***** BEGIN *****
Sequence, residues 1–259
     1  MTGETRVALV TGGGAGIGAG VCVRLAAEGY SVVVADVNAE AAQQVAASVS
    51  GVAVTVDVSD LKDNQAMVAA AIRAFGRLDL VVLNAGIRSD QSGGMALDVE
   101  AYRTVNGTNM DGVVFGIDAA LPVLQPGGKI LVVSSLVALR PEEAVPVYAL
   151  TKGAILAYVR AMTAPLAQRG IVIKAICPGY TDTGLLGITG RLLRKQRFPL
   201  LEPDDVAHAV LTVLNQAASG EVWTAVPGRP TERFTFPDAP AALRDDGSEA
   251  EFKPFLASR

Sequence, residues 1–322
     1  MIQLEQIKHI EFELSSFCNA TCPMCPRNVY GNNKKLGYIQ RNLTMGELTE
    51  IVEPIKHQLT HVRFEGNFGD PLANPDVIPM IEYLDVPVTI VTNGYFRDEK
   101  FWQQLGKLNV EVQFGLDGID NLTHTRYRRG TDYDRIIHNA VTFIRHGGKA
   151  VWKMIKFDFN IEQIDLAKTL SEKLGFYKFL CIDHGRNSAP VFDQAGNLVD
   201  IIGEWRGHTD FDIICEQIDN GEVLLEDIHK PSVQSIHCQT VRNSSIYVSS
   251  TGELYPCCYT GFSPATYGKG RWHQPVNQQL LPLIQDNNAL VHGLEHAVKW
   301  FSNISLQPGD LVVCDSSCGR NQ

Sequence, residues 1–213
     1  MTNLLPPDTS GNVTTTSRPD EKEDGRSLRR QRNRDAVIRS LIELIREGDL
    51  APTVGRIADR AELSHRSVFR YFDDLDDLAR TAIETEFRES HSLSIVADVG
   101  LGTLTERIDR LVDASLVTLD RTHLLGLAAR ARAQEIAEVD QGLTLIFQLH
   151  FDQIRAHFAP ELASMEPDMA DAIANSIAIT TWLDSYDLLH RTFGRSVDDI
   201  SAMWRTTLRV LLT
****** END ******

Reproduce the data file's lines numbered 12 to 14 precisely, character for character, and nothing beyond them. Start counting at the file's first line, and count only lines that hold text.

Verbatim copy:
   151  VWKMIKFDFN IEQIDLAKTL SEKLGFYKFL CIDHGRNSAP VFDQAGNLVD
   201  IIGEWRGHTD FDIICEQIDN GEVLLEDIHK PSVQSIHCQT VRNSSIYVSS
   251  TGELYPCCYT GFSPATYGKG RWHQPVNQQL LPLIQDNNAL VHGLEHAVKW